The PETA blog recently featured a photo and story of terrible animal neglect, a young pit bull who had been so severely neglected that “she had begun to decompose” and “Four different generations of maggots were eating away at her body.” It’s a sad story and euthanasia was probably in poor “Big Girl’s” best interests.They made that case, though moreso through images than words.
The article continued:
“We sent Big Girl off to heaven with kind words and a gentle lethal injection. We wished we could have ended her misery much, much sooner. Those who condemn open-admission animal shelters and organizations like PETA for having to euthanize sick, injured, dying, and unwanted animals must look closely at the source of the overpopulation crisis—people who breed animals, those who neglect and abuse them, and consumers who choose to buy animals from breeders and pet shops instead of adopting from their local animal shelter.
“No one hates the ugly reality of euthanasia more than the shelter workers who hold the syringe. Sometimes, especially when animals have known no kindness and are suffering, the best that we can offer an animal like Big Girl, Asia, and others is a painless and dignified release from a world that showed them no love or compassion.”
Here is the trouble with what Jeff Mackey, from PETA, wrote:
- The phrase, “we sent her off to heaven” could easily be used by ANY animal killer in ANY context. It is not a justification or explanation for euthanasia; it’s just something that makes some humans feel better about killing animals.
- The euphemism that euthanasia is “a dignified release” is yet another phrase that does NOTHING for animals; it just makes humans feel better about killing animals. Animals don’t care more about dignity than death. No animal would choose a dignified death over a pain-free life. If the animal is in pain, talk about pain. Euthanasia’s purpose is to provide a pain-free release from a pain-filled world, not a dignified release from an undignified life.
- The “overpopulation crisis” doesn’t exist. And even if it did, it wouldn’t justify killing animals. It would justify building more shelters, encouraging more people to adopt rather than buy, changing the laws, or doing other things to stop so-called overpopulation. To make this point more salient, say there was an overpopulation crisis among humans. Would that justify killing homeless humans? No, it would not.
But the real trouble isn’t the few animals that PETA kills. The real trouble isn’t that PETA kills animals like Big Girl. The real trouble is that the term “euthanasia” is being co-opted by animal exploiters. If animal advocacy organizations like PETA don’t defend the definition of euthanasia as in the animals’ interests,
“the act or practice of ending the life of an individual suffering from a terminal illness or an incurable condition, as by lethal injection or the suspension of extraordinary medical treatment,” (source: The American Heritage Dictionary via Alley Cat Allies)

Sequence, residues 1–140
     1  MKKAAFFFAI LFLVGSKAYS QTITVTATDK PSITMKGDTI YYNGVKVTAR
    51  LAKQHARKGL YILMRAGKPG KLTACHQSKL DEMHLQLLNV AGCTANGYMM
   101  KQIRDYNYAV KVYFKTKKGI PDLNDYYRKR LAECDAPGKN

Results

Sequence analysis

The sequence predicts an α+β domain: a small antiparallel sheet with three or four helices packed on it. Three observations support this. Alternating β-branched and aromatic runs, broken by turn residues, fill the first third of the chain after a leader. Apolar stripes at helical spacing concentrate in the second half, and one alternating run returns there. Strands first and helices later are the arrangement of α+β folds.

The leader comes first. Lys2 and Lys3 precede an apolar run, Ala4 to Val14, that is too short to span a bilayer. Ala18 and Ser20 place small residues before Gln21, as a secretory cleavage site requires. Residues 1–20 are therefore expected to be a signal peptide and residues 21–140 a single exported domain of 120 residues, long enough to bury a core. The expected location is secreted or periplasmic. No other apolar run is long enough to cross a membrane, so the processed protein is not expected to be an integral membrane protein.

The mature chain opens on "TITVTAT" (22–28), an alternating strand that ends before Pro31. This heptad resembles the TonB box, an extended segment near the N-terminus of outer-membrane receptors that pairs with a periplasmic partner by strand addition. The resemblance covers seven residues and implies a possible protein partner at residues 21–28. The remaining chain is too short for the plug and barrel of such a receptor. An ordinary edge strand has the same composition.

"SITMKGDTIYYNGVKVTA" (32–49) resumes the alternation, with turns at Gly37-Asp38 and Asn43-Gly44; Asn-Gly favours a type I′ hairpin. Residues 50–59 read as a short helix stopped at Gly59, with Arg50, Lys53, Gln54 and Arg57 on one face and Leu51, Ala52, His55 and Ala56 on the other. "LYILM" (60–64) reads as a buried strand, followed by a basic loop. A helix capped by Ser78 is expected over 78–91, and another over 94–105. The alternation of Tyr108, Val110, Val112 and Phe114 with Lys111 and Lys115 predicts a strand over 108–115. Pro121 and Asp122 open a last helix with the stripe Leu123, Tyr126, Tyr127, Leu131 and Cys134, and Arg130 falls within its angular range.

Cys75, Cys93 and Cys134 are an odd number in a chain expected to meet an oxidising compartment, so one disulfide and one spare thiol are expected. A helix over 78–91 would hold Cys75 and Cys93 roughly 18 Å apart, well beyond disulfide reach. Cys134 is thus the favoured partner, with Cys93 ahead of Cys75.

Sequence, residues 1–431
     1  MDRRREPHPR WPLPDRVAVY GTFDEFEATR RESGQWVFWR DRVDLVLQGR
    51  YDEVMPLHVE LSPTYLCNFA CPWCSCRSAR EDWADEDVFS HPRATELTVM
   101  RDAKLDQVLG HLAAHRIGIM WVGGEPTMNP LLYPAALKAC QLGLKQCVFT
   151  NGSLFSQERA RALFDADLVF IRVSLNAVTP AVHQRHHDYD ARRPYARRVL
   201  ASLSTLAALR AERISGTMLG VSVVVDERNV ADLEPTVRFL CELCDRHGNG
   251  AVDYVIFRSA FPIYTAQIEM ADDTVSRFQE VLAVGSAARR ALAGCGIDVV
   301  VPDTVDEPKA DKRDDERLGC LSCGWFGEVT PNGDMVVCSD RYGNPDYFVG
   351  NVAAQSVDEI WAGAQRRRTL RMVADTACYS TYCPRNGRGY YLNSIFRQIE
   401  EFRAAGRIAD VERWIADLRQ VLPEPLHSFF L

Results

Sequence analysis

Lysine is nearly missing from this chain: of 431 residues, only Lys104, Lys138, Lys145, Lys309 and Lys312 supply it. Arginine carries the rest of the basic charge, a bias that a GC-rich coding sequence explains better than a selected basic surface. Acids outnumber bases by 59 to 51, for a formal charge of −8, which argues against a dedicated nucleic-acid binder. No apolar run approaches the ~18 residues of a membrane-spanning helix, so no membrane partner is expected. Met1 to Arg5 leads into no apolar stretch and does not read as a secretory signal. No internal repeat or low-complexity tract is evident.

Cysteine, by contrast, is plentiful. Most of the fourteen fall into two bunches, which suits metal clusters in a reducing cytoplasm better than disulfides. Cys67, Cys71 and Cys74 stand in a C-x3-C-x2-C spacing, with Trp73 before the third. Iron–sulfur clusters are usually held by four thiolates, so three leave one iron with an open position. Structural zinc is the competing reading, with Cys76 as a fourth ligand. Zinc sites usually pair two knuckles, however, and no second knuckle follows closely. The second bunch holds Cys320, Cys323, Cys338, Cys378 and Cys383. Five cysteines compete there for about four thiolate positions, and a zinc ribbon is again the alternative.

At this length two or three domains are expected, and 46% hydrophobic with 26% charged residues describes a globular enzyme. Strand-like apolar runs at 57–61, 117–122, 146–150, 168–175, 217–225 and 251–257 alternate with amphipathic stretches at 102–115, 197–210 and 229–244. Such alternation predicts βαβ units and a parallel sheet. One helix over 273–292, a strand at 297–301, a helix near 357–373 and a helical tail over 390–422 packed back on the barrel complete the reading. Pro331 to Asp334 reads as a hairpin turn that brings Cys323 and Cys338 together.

they become part of the problem. Refusal to define euthanasia as in the animal’s interests helps justify things like the pork industry’s definition of euthanasia:
“Euthanasia is the humane process whereby the pig is rendered insensible, with minimal pain and distress, until death. For the euthanasia process or method to be considered humane, it must be quick, effective and reliable.” (source)
Notices how the pork industry’s definition does not say anything about the animals’ interests. In fact, the industry says “It is inevitable that on every swine farm, situations that require pigs to be euthanized will arise. These situations include, but are not limited to, illness and injuries.” I’ve added emphasis to point out the fact that the pork industry calls virtually any pig killing that’s not for profit “euthanasia.” (Killing for profit is called “slaughter.”) In fact, here is just one of the many acceptable methods of so-called pig euthanasia, “pithing,” a back-up method:
“A wire or polypropylene rod is inserted through the hole in the head made by gunshot or penetrating captive bolt. The rod is pushed into the brain and slid back and forth and rotated to cause maximum damage to the brain and upper spinal cord. Initially, the pig may show muscle contraction and twitching, but muscles will relax and movement will be inhibited shortly thereafter.” (source: American Association of Swine Veterinarians)
Blunt trauma to the head is an acceptable way to kill runt piglets. They call smashing in piglets’ brains “euthanasia.” This isn’t done just for piglets who are ill or injured, this is done to piglets who are deemed unprofitable.
And let’s not forget, these methods were ruled “euthanasia” by a court of law:
The animals don’t need our rationalizations, our feel-good rhetoric, or our paltry excuses. They need our compassion. And they need it now. Nothing else will suffice. Any justification for euthanasia that doesn’t centralize animals’ interests, isn’t in the animals’ interests.